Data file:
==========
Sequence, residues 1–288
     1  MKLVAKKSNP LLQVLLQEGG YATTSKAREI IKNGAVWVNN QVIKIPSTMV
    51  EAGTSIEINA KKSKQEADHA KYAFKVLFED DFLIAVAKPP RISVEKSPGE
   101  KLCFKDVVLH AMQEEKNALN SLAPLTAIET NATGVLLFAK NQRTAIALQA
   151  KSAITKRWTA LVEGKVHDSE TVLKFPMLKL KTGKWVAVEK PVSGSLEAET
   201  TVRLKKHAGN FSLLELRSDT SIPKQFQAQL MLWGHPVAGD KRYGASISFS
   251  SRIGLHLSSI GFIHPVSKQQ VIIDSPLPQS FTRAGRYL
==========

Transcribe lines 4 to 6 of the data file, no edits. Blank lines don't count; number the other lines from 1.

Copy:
   101  KLCFKDVVLH AMQEEKNALN SLAPLTAIET NATGVLLFAK NQRTAIALQA
   151  KSAITKRWTA LVEGKVHDSE TVLKFPMLKL KTGKWVAVEK PVSGSLEAET
   201  TVRLKKHAGN FSLLELRSDT SIPKQFQAQL MLWGHPVAGD KRYGASISFS